A Class Action Lawsuit Has Been Filed Against Walden University
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Lawsuit Claims Walden University, A For-Profit School, Preyed On Black And Female Students

Walden University
A lawsuit filed against Walden University suit claims it misrepresented the costs and credits required for an advanced degree and targeted minority communities. (Image: Twitter)

A class-action lawsuit has been filed against for-profit school Walden University claiming it participated in a scheme to lure and trap students, specifically Black and female students, in a cycle of debt and despair.

The New York Times reports the National Student Legal Defense Network filed the class-action suit in January on behalf of numerous former students who say that Walden violated not only consumer protection laws but also Title VI of the Civil Rights Act by targeting minorities and women and misrepresenting the costs and credits needed to get an advanced degree.

Aljanal Carroll, who enrolled at Walden University in 2017 to earn a doctorate in business administration, was told she could complete her doctoral degree in 18 months. Carroll easily made it through the coursework; however, she ran into numerous issues when it came to her “capstone project,” essentially her dissertation.

Carroll said the review committee assigned to her project took weeks to deliver feedback, which typically amounted to simple grammatical errors, yet required her to make revisions starting the process over again.

By the time Carroll’s project was approved, she had invested three years and more than $10,000 in tuition costs.

“It started to make me feel like I couldn’t write or speak, which didn’t make sense because I’d just earned a 4.0 for my master’s,” Carroll, 49, told the Times. “I knew it didn’t seem right, but I was so far in it, I couldn’t turn back.”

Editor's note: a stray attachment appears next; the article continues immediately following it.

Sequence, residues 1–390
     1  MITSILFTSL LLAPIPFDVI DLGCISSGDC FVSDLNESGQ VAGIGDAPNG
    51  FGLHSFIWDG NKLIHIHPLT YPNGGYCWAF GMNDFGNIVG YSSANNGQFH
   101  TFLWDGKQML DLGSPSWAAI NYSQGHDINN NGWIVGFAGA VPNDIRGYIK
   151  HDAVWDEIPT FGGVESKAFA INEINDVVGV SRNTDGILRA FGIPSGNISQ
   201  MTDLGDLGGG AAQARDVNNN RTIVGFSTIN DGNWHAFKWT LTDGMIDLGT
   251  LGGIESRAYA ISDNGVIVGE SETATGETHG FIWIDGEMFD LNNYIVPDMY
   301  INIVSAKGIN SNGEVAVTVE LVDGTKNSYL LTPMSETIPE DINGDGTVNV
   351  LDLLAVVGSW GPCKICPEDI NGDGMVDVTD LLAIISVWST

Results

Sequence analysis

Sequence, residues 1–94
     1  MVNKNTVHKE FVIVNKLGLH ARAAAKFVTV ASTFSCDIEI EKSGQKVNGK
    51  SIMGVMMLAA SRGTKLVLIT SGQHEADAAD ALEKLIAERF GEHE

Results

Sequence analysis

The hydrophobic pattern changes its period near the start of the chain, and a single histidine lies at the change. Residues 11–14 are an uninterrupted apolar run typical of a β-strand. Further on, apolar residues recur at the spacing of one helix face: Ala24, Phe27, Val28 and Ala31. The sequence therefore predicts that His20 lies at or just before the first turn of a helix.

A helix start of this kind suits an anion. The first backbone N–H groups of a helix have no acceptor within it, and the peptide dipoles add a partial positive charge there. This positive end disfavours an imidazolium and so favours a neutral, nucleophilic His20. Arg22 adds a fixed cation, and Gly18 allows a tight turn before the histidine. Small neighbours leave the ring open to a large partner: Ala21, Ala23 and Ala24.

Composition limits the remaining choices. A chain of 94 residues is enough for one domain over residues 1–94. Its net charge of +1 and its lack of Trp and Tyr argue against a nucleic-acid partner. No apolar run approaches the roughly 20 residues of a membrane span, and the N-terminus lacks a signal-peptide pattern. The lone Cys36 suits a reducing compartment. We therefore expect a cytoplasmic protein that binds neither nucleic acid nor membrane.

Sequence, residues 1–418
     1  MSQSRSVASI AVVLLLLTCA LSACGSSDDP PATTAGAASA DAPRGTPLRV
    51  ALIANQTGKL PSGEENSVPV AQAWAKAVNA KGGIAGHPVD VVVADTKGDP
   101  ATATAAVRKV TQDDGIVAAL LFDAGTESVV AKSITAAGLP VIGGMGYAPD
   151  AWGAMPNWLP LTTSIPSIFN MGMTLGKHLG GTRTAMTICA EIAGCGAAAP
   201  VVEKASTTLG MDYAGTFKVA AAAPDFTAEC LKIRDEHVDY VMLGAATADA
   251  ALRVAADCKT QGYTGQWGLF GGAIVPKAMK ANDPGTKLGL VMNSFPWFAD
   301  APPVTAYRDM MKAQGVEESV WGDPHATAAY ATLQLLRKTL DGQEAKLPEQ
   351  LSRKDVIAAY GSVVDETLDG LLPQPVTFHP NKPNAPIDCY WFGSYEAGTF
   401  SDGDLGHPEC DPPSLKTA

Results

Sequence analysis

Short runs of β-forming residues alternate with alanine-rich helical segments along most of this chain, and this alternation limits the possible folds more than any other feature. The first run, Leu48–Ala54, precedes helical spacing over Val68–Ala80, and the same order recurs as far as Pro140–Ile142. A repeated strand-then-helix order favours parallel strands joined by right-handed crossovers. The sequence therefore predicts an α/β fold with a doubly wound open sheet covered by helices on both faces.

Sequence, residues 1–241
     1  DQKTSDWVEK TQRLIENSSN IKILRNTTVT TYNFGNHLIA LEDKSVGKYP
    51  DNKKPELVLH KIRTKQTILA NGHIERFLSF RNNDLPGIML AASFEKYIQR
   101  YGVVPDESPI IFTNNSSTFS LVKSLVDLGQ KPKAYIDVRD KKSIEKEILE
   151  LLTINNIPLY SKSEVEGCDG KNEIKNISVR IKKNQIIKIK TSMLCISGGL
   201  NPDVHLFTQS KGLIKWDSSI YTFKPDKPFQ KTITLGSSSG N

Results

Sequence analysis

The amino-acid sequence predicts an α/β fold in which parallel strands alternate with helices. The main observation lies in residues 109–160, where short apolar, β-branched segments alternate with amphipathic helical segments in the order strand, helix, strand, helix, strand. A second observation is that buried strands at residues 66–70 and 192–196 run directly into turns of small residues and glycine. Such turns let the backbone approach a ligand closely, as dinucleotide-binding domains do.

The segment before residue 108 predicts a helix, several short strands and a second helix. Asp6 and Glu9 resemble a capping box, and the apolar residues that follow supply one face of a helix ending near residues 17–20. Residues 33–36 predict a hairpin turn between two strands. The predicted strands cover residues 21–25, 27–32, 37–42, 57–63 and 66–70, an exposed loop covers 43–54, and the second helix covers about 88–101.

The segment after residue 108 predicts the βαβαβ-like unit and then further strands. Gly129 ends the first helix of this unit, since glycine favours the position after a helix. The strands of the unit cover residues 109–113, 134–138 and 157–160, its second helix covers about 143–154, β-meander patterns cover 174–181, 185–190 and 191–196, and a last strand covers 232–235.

The class-action suit, filed in federal court in Maryland, alleges Walden intentionally stretched out the dissertation process, which required students to re-enroll for multiple years and spend thousands more on tuition than they had anticipated. The suit estimates students were charged more than $28.5 million in additional tuition costs. Former students also claim Walden participated in “reverse redlining” by targeting minority communities and women with its advertising.

“Walden lured in students with the promise of an affordable degree, then strung them along to increase profits,” said Aaron Ament, the president of the National Student Legal Defense Network. “As if that’s not bad enough, Walden specifically targeted Black students and women for this predatory program, masking its discrimination as a focus on diversity.”

Walden, which has faced similar lawsuits and claims, denied the claims, saying its mission is to serve a diverse community. The school has filed a motion to dismiss the suit, calling the lawsuit “baseless and an inflammatory attempt to repackage Walden’s school mission into calculated discrimination.”

Walden also added that in 2020, it awarded doctorate degrees to a higher number of Black and female students than any other U.S. university.

Black students in the U.S.are often victims when it comes to college tuition and student loan debt. For many, taking out expensive loans is the only way to pay for college, but doing so lands many in a financial nightmare as it can take years to decades to pay off the loans after finishing school.